Broadcast antenna or cell tower zoning is more complex than you might think. As the broadcasting industry developed, in the U.S. many primarily residential suburbs had height restrictions on all buildings that sometimes were as low as 35 feet for any building, at least outside of industrial zoning. So typically would-be tower owners had to seek a zoning change.
Eventually in the U.S., the FCC (Federal Communications Commission) became concerned about the restrictiveness of local zoning, and began claiming a federal interest in the capability to erect communications towers of all types. They stated they would preempt local zoning to the extent necessary to uphold a federal need.
In 1996 the Federal Communications Act strengthened the FCC's ability to preempt or override local zoning. It gave a complete preemption to the federal government with regard to regulating RF radiation exposure standards. From the local perspective, one of the frustrations is that the FCC refuses to be explicit about their ideas on what is considered acceptable.
So antenna and tower zoning remain to be issues decided by the FCC and local authorities on a case-by-case basis. Different media have different technologies (cell phone versus digital television, for example).
This is why we called this period an awkward adolescence when we first wrote this page. Since there are so many variables, and the federal government didn't want to write down all the specifics about when it would preempt local rights, it was somewhat difficult to advise local communities about how to protect the interest of their citizens in locating towers in a way that protected aesthetics.
Now the picture has become even more complicated. In urban areas, almost all new cell phone and broadband infrastructure takes the form of small cell technology often mounted on existing utility poles. However, in smaller towns and in semi-rural areas, new tall free-standing towers still are being deployed at a rapid pace, so this page will apply to many communities.
1. You can't outright prohibit all antennas and towers. You must find some place for them to be. That's not legal advice, but I am just repeated what the FCC has said.
2. You can prohibit other land uses within a tower's "fall zone," which would be equal to a radius around the tower of some slightly higher number of feet than the height of the tower. Some tower owners now are arguing that their pole is designed so that it bends in half rather than the entire thing falling, so they want the fall zone to be considered a lesser radius.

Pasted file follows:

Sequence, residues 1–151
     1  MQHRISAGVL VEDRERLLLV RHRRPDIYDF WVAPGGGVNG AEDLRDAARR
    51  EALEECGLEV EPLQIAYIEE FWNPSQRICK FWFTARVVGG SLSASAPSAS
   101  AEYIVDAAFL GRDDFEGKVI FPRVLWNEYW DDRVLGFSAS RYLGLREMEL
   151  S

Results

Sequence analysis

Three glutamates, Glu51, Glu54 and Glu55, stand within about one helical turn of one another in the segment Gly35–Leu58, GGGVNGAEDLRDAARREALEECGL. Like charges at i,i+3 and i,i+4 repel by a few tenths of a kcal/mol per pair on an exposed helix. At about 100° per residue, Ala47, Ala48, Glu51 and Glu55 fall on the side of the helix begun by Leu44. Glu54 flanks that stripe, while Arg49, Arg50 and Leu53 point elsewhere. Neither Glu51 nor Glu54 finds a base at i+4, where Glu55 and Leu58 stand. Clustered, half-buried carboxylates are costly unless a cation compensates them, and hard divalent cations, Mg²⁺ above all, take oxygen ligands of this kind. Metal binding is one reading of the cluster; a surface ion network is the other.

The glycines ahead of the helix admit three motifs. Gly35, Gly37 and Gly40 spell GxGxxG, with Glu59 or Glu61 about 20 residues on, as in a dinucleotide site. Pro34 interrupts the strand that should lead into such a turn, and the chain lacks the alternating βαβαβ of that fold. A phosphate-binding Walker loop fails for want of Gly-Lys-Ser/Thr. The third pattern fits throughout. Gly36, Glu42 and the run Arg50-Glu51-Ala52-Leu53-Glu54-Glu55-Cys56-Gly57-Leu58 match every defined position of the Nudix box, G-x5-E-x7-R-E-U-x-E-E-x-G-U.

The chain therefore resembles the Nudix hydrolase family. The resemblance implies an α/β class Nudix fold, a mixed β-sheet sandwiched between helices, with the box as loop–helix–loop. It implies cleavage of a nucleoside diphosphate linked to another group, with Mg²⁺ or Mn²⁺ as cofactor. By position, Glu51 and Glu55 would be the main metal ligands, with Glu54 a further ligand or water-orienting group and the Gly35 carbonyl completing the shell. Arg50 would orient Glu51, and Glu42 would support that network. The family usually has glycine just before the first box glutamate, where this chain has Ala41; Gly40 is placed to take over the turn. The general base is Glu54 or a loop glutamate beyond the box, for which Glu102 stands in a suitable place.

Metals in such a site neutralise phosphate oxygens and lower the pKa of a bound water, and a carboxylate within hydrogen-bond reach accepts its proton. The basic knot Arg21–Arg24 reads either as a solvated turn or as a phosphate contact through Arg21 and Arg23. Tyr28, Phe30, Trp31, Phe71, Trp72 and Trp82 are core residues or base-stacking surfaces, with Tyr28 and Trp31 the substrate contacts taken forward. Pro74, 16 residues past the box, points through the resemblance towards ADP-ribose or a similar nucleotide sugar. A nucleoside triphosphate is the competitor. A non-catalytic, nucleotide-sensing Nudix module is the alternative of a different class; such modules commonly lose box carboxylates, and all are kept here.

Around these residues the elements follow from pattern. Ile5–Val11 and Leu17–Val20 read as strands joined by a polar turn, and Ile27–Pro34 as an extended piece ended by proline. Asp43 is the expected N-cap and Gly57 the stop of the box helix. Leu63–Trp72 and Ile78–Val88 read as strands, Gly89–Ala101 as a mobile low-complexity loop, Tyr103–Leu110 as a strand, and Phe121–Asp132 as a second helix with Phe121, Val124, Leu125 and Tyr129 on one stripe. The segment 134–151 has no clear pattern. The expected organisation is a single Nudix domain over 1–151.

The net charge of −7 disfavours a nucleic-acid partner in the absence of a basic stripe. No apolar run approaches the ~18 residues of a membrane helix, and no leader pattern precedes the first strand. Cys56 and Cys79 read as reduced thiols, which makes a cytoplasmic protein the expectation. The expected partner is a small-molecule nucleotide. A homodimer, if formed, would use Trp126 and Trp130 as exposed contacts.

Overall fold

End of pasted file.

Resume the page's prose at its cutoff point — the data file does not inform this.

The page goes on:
Also be aware that a tall tower requires "guy wires" to anchor it to the ground, so for that additional reason, tower zoning will require more land than you might think.
3. You should highly encourage the practice of "co-location," which means placing technology for more than one communications medium on the same tower.
In the end, your town or city probably can't require co-location and win in court, but you can make applicants jump through so many hoops showing that they have tried to co-locate with other firms that they'll give up or co-locate in most instances.
4. Cell phone technology at least has been able to develop some styles that are rather aesthetically pleasing. They can be concealed on other poles or in trees in parks, and in church steeples. Or they might simply resemble trees. That's an interesting possibility, don't you think?
A number of rooftop designs also have been developed so that some cell phone towers are readily tucked into industrial or warehouse areas.
5. The 1996 Communications Act also prevented condo CC&Rs from restricting against small satellite dishes and all zoning regulations from prohibiting television antennas sufficient for reception.
6. In addition to the FCC, tower zoning or especially a series of towers might require an environmental impact statement under NEPA (National Environmental Protection Act), or a Certificate of No Hazard from the FAA (Federal Aviation Administration).
7. It's certainly within your rights as a municipality to require fencing and posting of appropriate warning signs. Those can be easily related to health and safety. Your aesthetic regulations, like all aesthetic regulations, would be harder to defend in court.
8. You have the right to require very detailed engineering plans and to require quite specific, yet understandable, explanations of the functioning and dangers of a specific instance of tower zoning. Don't be bullied by a communications lawyer; insist on a layperson-oriented explanation.
This issue has quite a bit in common with wind turbine zoning, about which we have written a specific page.
If you're coming to this subject with a need to learn more about cell phone tower location potential for a particular property, whether publicly owner or private, check out friends at the site just below.
Cell Phone Towers
AirWave Sites, Your Rooftop Antenna and Cell Tower Leasing Partners.
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